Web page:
Just days after the discovery of sexually explicit books available to students in Texas public schools, another book that depicts masturbation, pedophilia and anti-Christian ideology has been found in at least two school districts.
The book Blankets, a graphic novel by Craig Thompson, includes full frontal nudity of children and teenagers, sexual abuse, apparent depictions of pedophilia, and disparaging comments about Christianity.
Blankets is described as an “autobiographical graphic novel based on the author's experiences growing up in a religious family in rural Wisconsin, describing his rivalry with his brother, and his experiences with first love.”
In addition to sexually explicit material, the book appears to endorse leaving the Christian faith, with one page featuring an illustration of an NIV Bible with the text, “Upon moving out of my parents home, I made a conscious effort to leave my Bible behind. It was the book of Ecclesiastes that prompted me to do so."
In another section, one of the book’s characters, Craig, asks a slickly-dressed pastor-type religious leader about the origins and authorship of Ecclesiastes, where he’s told, "This, Craig, is why I think you're ideal for the ministry. In seminary, one can debate these details endlessly."
The pastoral character then suggests "scribes 'tacked' their own comments on to the original text over centuries of transcribing. But don't let that discredit God's Word.
Craig then responds, "I had been taught the words of the Bible came straight from the mouth of God. If indeed they were subtly modified by generations of scribes and watered down by translators, then — for me — their truth was canceled out."
In another section, two men discuss the Scriptures and one of them says the Bible “only sets up boundaries between people and cultures. It denies the beauty of being human and it ignores all these gaps that need to be filled in by the individual.”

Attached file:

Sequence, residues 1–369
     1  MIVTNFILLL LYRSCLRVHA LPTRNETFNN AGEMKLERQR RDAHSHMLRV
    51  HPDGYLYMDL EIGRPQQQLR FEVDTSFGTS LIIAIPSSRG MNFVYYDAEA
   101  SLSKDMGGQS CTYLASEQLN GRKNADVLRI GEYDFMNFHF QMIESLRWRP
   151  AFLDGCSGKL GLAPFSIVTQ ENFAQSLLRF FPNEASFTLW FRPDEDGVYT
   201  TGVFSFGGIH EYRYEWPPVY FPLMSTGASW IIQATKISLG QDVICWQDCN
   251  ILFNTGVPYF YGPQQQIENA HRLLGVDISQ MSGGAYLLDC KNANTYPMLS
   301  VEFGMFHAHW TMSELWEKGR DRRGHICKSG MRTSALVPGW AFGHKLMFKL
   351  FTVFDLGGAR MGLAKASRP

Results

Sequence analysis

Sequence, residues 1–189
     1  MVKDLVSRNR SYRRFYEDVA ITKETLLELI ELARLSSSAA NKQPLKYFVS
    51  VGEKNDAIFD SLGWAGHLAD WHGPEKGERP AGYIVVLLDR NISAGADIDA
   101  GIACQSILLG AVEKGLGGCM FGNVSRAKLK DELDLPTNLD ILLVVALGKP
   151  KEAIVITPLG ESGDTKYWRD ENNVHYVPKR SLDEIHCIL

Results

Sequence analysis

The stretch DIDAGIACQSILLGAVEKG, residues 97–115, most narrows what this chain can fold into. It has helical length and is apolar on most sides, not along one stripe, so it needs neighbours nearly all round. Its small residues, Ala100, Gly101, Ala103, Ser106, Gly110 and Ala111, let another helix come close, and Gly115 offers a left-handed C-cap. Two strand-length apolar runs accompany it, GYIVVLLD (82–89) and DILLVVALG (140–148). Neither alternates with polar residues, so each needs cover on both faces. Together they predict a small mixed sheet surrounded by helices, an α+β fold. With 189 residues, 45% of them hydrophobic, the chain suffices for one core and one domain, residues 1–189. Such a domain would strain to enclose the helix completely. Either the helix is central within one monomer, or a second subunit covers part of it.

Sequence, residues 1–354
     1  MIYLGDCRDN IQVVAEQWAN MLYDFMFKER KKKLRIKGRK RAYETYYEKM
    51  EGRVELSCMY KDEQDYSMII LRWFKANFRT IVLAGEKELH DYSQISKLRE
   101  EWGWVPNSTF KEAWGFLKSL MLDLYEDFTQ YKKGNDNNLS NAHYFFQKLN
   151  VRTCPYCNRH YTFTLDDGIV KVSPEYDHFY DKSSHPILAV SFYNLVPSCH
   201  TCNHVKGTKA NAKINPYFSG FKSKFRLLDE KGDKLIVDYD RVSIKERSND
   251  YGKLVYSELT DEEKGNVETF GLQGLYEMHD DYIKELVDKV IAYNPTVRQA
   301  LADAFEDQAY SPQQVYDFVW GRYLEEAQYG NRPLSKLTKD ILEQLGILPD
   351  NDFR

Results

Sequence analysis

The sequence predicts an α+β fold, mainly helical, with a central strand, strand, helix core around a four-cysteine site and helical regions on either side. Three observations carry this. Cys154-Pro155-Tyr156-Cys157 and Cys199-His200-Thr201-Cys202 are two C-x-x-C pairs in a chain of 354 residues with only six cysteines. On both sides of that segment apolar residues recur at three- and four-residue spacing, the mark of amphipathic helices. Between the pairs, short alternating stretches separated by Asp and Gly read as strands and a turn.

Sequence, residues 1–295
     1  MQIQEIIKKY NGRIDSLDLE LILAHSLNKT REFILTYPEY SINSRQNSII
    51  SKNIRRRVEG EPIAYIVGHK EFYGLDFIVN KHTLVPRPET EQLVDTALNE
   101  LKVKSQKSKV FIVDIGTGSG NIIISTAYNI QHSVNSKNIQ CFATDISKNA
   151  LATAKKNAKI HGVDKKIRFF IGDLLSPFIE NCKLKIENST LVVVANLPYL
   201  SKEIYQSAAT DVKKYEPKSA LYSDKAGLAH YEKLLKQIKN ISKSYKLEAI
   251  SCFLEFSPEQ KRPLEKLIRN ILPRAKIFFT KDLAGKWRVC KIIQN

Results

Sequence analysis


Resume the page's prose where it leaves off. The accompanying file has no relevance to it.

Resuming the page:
Fort Worth parent activist Hollie Plemmsons first shared images of the book on social media on Aug. 1 and claimed she found the book available in libraries in the Fort Worth Independent School District (ISD), including at Paschal and I.M. Terrel high schools.
According to Plemmons, she was told the district’s library director Victor Chapa “refused to remove the book.”
Plemmons wrote: “The students are other people’s children, they do not belong to the district! Parents have rights & currently they are being completely trampled by FWISD. We also have laws & FWISD is not following current laws in keeping this adult book on shelves.”
Another parent later shared that Blankets was also located at McKinney Boyd High School in McKinney ISD, a North Texas school district located about 30 miles north of Dallas.
A FWISD spokesperson told The Christian Post on Monday that the district is “currently reviewing” guidelines and policies for the upcoming school year and more information is expected to be available after the start of the school year.
A response to a request for comment from McKinney ISD was not received as of Monday afternoon.
Last month, parents and independent journalists uncovered a trio of books available in Fort Worth schools featuring explicit content, including Gender Queer: A Memoir by Maia Kobabe, Flamer by Mike Curato, and Wait, What?: A Comic Book Guide to Relationships, Bodies, and Growing Up by Isabella Rotman.
In Rotman’s Wait, What?, which was found in three Fort Worth elementary schools in mid-July, the author includes illustrations of genitals along with a “weird platypus” who says, “It’s okay to be weird.”
All three books were no longer available on the Fort Worth ISD website as of Monday.
A statewide battle over books has been going on since at least last year when standards released by the Texas Education Agency in April provided guidelines for schools across the state on addressing obscene content.
Under the state's standards, school librarians and staff are "encouraged" to make book selections available for parental review and to respond to parental feedback.
In response to the new standards, some parents have filed “challenges” for district officials to review the Bible and other classic books for “inappropriate” content.
Under House Bill 900, which passed into law during the state’s last legislative session, books available in public schools and other public libraries are required to be rated and, if necessary, removed to guard against exposing children to obscene content.
HB900 goes into effect on Sept. 1.